The compromises are not just economic. The Association Agreement, like many EU agreements of its kind, is a weaker version of the EU’s acqui communitaire – it commits the Ukraine to applying a range of European norms and standards in the judiciary, electoral process, public health and public finance management. Brussels makes no secret of the expectation that an Association Agreement comes with an expectation of acceptance of a degree of pooled sovereignty and wider alignment with EU external and internal policy. The realities of close alignment with Moscow are probably not much different, although without much pretense of collective decision-making.
Assuming that the signing happens in Vilnius in November it is likely to sour already toxic relations between the EU and Russia even further. The EU’s ambitions on further eastward integration suffered a minor setback earlier this month when Armenian President Serge Sargsyan announced his country’s intention to join the Customs Union instead of the planned FTA with the EU after a meeting with Putin in Moscow. But Kiev is an infinitely bigger prize for Brussels, and the EU is likely to smooth the process for November as much as it can, including brokering a deal for Yulia Tymoshenko to receive medical treatment in Germany that allows Yanukovich to release her from jail without losing face.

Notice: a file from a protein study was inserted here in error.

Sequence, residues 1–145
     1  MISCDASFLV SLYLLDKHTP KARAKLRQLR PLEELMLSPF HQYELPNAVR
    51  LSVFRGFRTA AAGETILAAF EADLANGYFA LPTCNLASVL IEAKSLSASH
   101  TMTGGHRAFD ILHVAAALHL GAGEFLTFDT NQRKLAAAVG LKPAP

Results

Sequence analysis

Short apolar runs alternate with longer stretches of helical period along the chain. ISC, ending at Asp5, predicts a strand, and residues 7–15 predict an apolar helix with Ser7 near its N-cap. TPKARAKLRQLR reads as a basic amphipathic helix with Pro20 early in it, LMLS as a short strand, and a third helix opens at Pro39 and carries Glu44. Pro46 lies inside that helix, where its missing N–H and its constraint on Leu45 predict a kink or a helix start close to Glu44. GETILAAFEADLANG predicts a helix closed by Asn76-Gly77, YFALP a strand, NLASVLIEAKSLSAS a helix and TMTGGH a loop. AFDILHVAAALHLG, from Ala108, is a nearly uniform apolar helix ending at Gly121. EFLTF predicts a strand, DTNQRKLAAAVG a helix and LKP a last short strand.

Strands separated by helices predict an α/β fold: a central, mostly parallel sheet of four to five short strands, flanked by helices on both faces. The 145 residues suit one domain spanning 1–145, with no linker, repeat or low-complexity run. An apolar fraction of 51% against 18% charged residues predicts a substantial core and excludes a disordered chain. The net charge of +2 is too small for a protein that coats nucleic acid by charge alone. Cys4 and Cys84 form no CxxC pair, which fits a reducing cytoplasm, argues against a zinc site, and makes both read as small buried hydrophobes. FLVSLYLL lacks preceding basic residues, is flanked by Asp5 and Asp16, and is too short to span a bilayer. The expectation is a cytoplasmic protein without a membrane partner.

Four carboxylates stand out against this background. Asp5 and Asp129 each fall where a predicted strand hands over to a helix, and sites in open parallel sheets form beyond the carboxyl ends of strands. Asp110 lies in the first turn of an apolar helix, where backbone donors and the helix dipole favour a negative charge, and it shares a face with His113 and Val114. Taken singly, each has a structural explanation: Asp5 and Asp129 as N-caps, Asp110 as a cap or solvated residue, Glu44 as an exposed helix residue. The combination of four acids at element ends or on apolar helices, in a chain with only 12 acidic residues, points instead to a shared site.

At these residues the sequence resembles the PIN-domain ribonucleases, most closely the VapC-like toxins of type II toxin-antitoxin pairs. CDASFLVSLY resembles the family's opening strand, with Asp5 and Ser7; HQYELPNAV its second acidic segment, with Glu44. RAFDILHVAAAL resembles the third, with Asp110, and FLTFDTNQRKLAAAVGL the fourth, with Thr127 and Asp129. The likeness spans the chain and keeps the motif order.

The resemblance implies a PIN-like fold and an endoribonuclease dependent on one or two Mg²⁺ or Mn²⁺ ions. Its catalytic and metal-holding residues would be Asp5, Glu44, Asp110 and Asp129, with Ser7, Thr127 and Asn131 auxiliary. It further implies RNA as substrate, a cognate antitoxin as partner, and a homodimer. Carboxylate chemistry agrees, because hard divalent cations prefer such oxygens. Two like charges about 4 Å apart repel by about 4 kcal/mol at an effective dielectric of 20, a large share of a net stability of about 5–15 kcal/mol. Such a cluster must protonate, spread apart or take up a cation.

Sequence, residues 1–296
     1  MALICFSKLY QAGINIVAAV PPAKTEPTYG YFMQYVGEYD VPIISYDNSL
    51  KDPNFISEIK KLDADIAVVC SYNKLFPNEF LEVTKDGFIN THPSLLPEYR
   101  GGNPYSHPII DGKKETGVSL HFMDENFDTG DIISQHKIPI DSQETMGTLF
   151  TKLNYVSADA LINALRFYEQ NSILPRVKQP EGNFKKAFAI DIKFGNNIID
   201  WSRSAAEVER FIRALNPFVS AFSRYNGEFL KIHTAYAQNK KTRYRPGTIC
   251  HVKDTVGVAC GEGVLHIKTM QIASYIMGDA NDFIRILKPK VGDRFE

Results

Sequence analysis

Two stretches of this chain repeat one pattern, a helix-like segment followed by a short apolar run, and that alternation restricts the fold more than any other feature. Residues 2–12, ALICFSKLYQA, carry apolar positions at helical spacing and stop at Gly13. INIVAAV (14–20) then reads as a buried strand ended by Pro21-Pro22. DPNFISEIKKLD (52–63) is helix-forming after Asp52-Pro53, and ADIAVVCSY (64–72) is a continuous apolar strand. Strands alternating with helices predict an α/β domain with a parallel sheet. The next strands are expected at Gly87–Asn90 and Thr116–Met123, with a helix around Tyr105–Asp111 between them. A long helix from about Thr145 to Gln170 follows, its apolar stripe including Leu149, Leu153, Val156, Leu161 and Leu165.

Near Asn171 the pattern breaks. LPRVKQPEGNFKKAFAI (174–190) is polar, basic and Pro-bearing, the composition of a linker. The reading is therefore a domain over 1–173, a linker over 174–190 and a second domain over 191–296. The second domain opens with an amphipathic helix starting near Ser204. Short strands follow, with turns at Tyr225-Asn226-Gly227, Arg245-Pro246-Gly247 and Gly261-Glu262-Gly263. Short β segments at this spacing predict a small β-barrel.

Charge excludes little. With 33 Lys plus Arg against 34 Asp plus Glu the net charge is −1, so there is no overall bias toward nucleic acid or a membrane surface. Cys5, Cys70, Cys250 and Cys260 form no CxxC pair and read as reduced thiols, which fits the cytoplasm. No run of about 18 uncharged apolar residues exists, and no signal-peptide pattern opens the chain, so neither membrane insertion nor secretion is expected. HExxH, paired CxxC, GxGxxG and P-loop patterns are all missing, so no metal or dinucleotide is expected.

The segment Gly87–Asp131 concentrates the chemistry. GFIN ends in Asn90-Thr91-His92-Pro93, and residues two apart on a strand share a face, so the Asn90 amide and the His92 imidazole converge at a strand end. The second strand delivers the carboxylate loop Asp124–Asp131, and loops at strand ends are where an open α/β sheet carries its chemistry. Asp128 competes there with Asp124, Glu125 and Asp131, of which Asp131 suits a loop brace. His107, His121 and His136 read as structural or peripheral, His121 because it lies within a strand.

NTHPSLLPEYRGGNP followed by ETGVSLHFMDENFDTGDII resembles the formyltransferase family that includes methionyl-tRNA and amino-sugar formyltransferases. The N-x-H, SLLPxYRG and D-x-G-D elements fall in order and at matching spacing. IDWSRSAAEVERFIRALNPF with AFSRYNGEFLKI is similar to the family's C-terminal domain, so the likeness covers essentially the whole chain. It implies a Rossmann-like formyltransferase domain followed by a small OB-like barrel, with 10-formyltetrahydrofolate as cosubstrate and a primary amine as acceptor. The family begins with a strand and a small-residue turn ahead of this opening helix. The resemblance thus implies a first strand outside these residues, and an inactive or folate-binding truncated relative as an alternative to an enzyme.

If things go to plan, Brussels anticipates a wave of retaliation from Moscow. Most of this will come in the form of customs interference in Ukrainian (and possibly European) trade. Russia offered a taster over the summer when it blocked perishable Ukrainian food exports at Russian borders just long enough for them to spoil. Recent import bans on the chocolates produced by Petr Poroshenko’s Roshen confectionery company – Poroshenko is a high-profile advocate of the Association Agreement and an FTA with the EU – also give a taster of things to come. Russian gas exports to the Ukraine offer another possible tool of frustration, because Moscow is unlikely to continue to offer the incentives of passing on gas to the Ukraine at subsidised prices, or offering tariff-free oil exports. Businesses likely to be caught in the crossfire need to be aware.
The EU’s response will inevitably be to try and blunt the impact of this as much as possible, especially through targeted trade concessions to ease the impact of Russian protectionism. Ukraine exports around 80% of its agricultural exports to Russia and it will put pressure on the EU to widen the quotas currently governing Ukrainian specialities such as sunflower oil and wheat. There is also likely to be further cranking up of EU challenges to Russian conduct in the WTO. Brussels has already threatened a WTO case on Russian automobile levies - a case that Ukraine joined as an observer, despite its own car duties which are a subject of EU complaint. But there is a substantial list of other irritants that could, in principle, be tested in Geneva, and Russia can be relied on to respond in kind.